1. Don’t let your MOS pigeonhole you
When I first got out of the military, I thought that changing careers to data science would render my military service a waste of time. What I learned was that even being an infantryman gave me a unique and valuable perspective to bring into the field of data science.
2. Don’t underestimate the value of your story
Regardless of what you did in the military, you have a unique story to tell that can capture the imagination of people who might not be familiar with the military. I’ve used that to my advantage every time I’ve written an application. I’m convinced that telling my story that got me into grad school and got me a National Science Foundation fellowship. Remember that when you apply for something, your essay is one of hundreds if not thousands that someone has to read. Make yours stand out by telling a unique story.
3. Start building your portfolio right now
This is advice I wish I would have followed earlier. For example, if you’re interested in data science, there are many ways to start right now. There are open source projects, there are publicly available datasets, there are hackathons, there are coding competitions, and there are non-profits who are looking for volunteers of all skill levels. If you teach yourself a new skill, write a blog post about it, using language that non-technical people can understand. If you’re taking a class and you get an assignment, don’t just think about your grade, but think about how you could show it off to a prospective employer. Always think in multiple dimensions and how to maximize the return on your investment of time and effort.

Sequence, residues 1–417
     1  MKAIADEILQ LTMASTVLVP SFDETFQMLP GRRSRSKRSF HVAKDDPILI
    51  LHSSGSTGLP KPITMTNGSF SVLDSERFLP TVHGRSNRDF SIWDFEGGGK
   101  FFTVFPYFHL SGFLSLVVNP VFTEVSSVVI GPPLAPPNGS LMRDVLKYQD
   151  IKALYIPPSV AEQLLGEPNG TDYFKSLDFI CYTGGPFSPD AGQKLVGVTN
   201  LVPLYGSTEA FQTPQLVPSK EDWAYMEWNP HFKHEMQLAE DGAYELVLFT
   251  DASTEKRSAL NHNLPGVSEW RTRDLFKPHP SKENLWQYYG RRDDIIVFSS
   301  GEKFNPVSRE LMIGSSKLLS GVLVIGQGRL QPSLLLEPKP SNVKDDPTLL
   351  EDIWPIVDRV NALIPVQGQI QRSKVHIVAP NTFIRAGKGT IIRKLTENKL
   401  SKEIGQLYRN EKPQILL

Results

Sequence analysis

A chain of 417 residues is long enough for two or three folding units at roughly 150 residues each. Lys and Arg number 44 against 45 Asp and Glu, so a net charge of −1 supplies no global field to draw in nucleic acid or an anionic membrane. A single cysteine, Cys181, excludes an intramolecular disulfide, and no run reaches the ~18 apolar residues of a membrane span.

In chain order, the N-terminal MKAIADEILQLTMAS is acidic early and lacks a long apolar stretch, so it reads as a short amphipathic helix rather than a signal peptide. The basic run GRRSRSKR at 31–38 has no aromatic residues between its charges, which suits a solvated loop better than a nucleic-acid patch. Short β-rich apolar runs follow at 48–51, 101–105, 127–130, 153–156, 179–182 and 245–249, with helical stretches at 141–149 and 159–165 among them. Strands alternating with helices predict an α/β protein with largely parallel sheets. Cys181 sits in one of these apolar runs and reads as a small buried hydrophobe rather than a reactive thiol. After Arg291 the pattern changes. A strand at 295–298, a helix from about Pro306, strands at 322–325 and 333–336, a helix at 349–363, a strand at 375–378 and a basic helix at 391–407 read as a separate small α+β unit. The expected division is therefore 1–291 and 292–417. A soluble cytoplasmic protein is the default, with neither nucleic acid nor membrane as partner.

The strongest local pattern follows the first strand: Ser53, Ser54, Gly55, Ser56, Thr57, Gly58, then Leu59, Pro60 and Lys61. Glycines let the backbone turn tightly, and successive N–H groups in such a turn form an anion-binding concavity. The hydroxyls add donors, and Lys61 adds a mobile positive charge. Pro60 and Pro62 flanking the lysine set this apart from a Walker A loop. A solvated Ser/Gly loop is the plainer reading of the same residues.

4. Prioritize experience over course work
Personally, if I were evaluating you as a job candidate, I would look at your portfolio before I looked at your transcript or GPA. I want to see what you can do, not what classes you’ve taken. If you’re using the GI Bill, I recommend taking a light course load so you can focus on getting practical experience; that might mean taking an unpaid internship, contributing to an open source project, or volunteering.
5. Reach out to other veterans for help
When I was job hunting, I used a free trial of LinkedIn premium to find veterans at all the companies that I wanted to work for. Or use Veterati, another great veteran mentor platform. That connection was enough to get total strangers to talk to me, explain the hiring process, and in some cases get an internal referral that lead to an interview. Even if it doesn’t lead to a job, it can lead to getting advice or finding a mentor. You can start with me. If you’re thinking of becoming a data scientist find me on LinkedIn. I’m happy to answer any questions you may have, and recommend steps you can take. Find me on LinkedIn.